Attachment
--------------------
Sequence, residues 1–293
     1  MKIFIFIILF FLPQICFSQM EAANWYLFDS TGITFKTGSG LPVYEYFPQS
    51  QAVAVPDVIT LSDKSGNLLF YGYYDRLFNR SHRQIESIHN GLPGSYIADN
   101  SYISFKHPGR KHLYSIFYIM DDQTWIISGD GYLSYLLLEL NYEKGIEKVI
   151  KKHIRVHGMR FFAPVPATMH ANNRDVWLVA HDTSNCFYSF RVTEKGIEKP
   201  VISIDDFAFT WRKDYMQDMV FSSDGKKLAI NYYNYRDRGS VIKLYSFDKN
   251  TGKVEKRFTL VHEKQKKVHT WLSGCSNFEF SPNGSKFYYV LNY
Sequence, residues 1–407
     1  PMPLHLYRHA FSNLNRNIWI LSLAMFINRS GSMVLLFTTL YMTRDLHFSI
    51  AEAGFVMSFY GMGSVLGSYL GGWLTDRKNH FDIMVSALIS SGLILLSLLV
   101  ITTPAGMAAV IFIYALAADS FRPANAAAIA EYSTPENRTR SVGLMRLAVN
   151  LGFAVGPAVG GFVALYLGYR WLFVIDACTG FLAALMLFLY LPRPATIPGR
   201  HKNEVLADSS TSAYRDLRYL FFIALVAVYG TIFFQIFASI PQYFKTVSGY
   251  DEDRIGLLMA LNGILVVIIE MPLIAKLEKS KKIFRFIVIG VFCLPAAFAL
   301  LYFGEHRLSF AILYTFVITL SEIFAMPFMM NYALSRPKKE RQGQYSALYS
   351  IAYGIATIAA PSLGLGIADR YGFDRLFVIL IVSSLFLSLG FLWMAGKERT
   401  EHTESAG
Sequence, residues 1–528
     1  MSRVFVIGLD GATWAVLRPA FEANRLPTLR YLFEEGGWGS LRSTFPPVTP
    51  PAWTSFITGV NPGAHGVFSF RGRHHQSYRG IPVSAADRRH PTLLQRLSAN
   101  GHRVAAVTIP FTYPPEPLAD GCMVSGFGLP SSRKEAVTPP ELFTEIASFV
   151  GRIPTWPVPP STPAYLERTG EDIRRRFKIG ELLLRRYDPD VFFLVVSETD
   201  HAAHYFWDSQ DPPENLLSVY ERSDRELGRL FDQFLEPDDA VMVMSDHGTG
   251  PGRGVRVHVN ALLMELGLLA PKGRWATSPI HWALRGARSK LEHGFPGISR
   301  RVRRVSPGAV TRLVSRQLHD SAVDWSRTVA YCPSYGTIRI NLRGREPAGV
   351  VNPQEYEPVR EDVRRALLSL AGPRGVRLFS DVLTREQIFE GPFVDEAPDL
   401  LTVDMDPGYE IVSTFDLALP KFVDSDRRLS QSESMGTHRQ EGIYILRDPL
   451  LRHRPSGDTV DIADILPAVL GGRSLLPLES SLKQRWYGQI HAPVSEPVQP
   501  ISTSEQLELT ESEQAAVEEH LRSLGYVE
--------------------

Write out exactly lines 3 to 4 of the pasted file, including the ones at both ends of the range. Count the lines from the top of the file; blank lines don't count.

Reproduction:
    51  QAVAVPDVIT LSDKSGNLLF YGYYDRLFNR SHRQIESIHN GLPGSYIADN
   101  SYISFKHPGR KHLYSIFYIM DDQTWIISGD GYLSYLLLEL NYEKGIEKVI